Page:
40 Year-Old Virgin, The (2005)
Release Date: August 19th, 2005 MPAA Rating: R
Director: Judd Apatow Actors: Steve Carell, Catherine Keener, Paul Rudd, Romany Malco, Seth Rogen, Elizabeth Banks, Leslie Mann, Jane Lynch, Kat Dennings, Chelsea Smith, Jonah Hill
he 40 Year-Old Virgin” is the first of director/producer/writer Judd Apatow’s great successes, written in part by star Steve Carell and featuring many familiar faces – several of whom have gone on to star in their own comic vehicles. Seth Rogen, Paul Rudd, Jane Lynch, Romany Malco, Elizabeth Banks, Leslie Mann, Jonah Hill, and more round out the cast of the now recurring Apatow crew. While the plot is relatively simple, it is one of the first contemporary, raunchy reinventions to have a prosperous execution and reception (akin to “American Pie” back in 1999). Many concurrent and recent projects (as well as plenty of future ones) focus on the pursuit of physical love by the inexperienced, but “The 40 Year-Old Virgin” is the only one to headline an older man trying to accomplish the tricky task.
Andy (Steve Carell) has a regular routine: working out, showering, making breakfast, and going to work on his bicycle, alone, at Smart Tech, a generic electronics store. His weekends consist of assembling sandwiches, collecting action figures, and playing video games – which don’t inspire material to match his coworkers’ water-cooler conversations about adventurous sexual exploits. A few employees suspect he’s a serial killer, while others just accept his boring, introverted personality; essentially, he suffers from “nice-guy syndrome.”
When Andy gets invited to a casual poker game with a group of Smart Tech’s staff, he accidentally reveals that he’s a virgin – made worse by the fact that he’s 40 years old. After Andy suffers a bit of humiliation at the hands of his acquaintances, he’s convinced by David (Paul Rudd) to go out on the town for fun – no sex involved. But everywhere he goes, Andy is surrounded by sexual suggestions – from magazines, girls on the streets, and dogs in the park to advertising wraps on buses. It’s impossible to avoid it, and it plagues him through a series of comedic mishaps, starting with an alcohol-fueled bachelorette party before moving to a Date-A-Palooza and an episode with a transvestite prostitute.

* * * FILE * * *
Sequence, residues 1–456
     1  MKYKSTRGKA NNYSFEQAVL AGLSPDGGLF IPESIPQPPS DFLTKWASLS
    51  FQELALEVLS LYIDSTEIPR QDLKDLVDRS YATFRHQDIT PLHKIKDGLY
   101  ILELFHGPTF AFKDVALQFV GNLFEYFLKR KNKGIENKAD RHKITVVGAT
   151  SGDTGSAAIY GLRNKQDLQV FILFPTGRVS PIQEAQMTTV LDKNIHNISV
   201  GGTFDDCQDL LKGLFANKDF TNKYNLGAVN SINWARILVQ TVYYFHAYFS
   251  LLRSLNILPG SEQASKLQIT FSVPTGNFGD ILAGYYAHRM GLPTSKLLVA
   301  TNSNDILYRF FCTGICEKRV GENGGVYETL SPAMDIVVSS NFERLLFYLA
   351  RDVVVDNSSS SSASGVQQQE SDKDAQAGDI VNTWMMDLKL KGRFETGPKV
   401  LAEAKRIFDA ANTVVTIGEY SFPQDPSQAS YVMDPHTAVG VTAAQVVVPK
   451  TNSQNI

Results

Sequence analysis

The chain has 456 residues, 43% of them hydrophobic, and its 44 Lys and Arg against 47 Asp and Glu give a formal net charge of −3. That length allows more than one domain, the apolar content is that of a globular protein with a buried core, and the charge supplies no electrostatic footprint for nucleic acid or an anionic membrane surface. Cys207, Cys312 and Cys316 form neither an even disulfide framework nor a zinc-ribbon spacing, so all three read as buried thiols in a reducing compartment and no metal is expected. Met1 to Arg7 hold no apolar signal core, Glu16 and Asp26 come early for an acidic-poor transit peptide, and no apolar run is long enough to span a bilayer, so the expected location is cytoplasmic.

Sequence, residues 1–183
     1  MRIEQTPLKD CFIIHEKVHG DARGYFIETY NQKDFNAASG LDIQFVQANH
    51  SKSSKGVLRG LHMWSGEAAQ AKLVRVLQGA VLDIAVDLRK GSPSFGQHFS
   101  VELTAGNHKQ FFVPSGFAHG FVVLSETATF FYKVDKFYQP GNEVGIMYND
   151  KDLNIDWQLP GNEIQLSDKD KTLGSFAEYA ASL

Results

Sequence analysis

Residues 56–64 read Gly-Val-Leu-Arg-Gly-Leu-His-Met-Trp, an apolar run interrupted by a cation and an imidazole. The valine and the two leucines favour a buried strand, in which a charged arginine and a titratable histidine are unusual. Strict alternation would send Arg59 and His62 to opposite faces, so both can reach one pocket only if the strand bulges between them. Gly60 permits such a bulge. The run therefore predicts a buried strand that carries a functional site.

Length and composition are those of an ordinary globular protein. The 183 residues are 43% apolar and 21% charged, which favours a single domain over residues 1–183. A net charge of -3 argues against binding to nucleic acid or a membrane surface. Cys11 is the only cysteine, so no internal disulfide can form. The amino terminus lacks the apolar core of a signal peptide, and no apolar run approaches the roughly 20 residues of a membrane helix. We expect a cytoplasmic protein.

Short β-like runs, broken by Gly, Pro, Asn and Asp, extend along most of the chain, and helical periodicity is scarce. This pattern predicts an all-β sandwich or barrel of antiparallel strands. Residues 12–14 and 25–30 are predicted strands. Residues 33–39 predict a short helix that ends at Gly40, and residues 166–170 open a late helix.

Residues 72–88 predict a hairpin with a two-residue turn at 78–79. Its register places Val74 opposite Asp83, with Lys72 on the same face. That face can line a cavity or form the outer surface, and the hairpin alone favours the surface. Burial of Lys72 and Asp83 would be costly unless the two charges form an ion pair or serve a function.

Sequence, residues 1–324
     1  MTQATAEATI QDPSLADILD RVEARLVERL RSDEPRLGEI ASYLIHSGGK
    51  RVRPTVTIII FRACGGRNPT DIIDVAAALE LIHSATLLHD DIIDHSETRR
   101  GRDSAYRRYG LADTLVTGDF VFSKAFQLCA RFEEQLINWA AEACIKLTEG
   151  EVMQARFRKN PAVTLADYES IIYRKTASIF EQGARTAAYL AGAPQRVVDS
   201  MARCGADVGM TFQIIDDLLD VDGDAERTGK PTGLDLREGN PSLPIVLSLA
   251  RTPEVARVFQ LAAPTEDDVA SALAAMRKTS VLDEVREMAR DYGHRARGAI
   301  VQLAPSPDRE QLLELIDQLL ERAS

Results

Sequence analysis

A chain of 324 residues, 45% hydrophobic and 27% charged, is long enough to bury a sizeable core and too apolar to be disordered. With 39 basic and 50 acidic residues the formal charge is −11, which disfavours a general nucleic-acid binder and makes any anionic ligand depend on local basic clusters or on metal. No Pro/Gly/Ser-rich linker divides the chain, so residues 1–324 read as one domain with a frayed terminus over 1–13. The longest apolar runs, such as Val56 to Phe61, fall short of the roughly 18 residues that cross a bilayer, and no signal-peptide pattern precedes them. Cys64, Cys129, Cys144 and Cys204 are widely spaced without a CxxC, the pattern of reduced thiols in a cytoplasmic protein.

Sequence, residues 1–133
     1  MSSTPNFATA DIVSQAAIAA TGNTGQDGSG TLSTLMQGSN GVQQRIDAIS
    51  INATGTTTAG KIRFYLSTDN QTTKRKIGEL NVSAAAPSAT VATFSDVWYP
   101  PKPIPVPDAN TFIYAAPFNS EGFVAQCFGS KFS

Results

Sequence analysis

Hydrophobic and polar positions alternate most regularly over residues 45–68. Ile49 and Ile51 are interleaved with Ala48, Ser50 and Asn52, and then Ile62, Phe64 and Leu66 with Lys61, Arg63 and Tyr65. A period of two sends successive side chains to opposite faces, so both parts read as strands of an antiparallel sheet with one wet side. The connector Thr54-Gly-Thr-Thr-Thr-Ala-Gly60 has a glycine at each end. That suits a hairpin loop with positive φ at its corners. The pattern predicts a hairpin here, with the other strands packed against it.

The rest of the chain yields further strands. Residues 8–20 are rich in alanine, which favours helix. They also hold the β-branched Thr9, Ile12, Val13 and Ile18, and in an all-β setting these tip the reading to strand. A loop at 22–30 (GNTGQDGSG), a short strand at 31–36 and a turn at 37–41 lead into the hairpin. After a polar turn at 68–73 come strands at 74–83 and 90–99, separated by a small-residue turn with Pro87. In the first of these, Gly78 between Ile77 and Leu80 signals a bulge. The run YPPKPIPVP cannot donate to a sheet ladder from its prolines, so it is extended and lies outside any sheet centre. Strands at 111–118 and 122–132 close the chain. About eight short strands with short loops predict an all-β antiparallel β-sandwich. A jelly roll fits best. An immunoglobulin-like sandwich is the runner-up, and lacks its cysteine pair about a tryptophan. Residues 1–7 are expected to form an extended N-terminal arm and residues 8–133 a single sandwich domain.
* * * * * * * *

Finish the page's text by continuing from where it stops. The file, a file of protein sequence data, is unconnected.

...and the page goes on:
Andy’s unique, sympathetic situation encourages his coworkers to become something of an entourage. Jay (Romany Malco) is the loud-mouthed partner-in-crime, who guides Andy in the ways of grooming and striving to bed dozens of “hood rats” to gain experience; Cal (Seth Rogen), on the other hand, explains the finer details about talking to women. David, a bitter guy with problems letting go, is content delivering a big box of porn for inspiration. Meanwhile, on the nonsexual side of their lives (though still infused with innuendo), customer poaching dominates the sales floor, embellished with harsh language and dirty, racial arguments. Nudity and crude gags fills the gaps between work and play, joined by constant barrages of perversely humorous dialogue and drunken antics.
Just the basic pitch is enough to evoke smirks – coupled with the theatrical posters, featuring a bright-eyed, innocent-looking Carell. But what separates “The 40 Year-Old Virgin” from other run-of-the-mill adult comedies is the sincerity of Carell’s performance and a few genuinely romantic interludes that give the story heart, which transcends simple laugh-out-loud gimmicks. It also helps that the supporting cast is so strong. And several unforgettable scenes, including the now famous body-waxing stunt (too much for any weak stomach) and Andy’s first attempt at putting on a condom, stand out as hysterical – and painful – bits of slapstick to complement the funnily abrasive repartee.
– Mike Massie